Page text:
Tuesday, September 30, 2008
The Ohio Supreme Court issued a decision today that modifies the court's position on piercing the corporate veil. The decision is summarized on the court's web page:
In a decision announced today, the Supreme Court of Ohio held that when a plaintiff pursuing a civil lawsuit against a corporation seeks to “pierce the corporate veil” (bypass the corporate structure and recover damages directly from a shareholder), the plaintiff must show that the shareholder used its control of the corporation “in such a manner as to commit fraud, an illegal act, or a similarly unlawful act.”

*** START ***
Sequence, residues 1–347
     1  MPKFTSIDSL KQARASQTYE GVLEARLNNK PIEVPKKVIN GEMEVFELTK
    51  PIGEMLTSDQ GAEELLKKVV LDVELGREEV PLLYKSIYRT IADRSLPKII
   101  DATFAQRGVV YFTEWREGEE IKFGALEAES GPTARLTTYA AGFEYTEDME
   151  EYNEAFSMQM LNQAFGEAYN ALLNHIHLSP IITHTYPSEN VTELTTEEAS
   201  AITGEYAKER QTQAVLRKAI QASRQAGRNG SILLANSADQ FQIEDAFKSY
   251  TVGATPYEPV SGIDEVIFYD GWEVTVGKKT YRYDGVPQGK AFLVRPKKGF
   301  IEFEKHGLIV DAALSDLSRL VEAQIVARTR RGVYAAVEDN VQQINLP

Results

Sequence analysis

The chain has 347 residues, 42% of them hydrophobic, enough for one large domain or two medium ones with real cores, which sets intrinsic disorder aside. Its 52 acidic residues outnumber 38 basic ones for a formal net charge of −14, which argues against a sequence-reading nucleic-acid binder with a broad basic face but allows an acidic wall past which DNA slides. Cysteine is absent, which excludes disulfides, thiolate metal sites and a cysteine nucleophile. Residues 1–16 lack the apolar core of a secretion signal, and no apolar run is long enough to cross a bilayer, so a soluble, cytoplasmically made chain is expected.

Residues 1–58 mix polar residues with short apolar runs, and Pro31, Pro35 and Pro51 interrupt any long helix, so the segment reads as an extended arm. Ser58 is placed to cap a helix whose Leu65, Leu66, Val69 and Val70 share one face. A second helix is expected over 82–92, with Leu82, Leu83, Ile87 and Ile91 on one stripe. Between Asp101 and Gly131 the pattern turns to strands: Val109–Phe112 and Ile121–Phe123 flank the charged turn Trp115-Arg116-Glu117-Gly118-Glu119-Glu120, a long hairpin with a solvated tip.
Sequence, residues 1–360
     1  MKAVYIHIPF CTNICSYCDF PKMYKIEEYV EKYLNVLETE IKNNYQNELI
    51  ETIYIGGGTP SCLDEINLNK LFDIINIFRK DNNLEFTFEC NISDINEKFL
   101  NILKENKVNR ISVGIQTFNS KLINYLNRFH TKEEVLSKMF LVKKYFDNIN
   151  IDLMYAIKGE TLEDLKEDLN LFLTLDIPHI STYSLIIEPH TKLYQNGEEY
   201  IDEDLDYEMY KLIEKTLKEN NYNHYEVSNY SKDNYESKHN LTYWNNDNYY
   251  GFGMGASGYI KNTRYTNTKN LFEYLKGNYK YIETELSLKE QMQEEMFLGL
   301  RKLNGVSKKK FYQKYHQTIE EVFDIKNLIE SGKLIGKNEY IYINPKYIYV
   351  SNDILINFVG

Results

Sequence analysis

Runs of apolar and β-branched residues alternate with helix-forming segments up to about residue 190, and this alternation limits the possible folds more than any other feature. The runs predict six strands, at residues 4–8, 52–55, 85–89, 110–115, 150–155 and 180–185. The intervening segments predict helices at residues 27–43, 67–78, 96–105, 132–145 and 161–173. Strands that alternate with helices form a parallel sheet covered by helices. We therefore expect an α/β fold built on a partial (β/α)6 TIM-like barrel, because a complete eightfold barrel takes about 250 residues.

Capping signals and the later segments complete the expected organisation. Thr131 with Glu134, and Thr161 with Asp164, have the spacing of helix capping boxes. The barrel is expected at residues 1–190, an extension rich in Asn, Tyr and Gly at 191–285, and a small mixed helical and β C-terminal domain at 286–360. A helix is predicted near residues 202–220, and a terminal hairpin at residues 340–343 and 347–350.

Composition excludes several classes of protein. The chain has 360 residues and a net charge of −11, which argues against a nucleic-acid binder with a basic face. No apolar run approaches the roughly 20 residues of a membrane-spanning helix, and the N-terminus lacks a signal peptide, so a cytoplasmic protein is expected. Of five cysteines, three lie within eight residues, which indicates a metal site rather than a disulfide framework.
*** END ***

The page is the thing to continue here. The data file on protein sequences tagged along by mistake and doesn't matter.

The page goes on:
The 6-1 decision, written by Chief Justice Thomas J. Moyer, modified one part of a three-prong test for piercing the corporate veil this Court established in a 1993 decision, Belvedere Condominium Unit Owners’ Assn. v. R.E. Roark Cos. Inc. [See below for an explanation of the three-prong Belvedere test.] The effect of today’s ruling was to deny an attempt by Kimberly Dombroski, a policyholder whose claim for coverage was denied by Community Insurance Company (CIC), a wholly owned subsidiary of WellPoint Inc., to pursue recovery directly from WellPoint for her claimed physical and emotional injuries arising from alleged bad faith denial of coverage by CIC.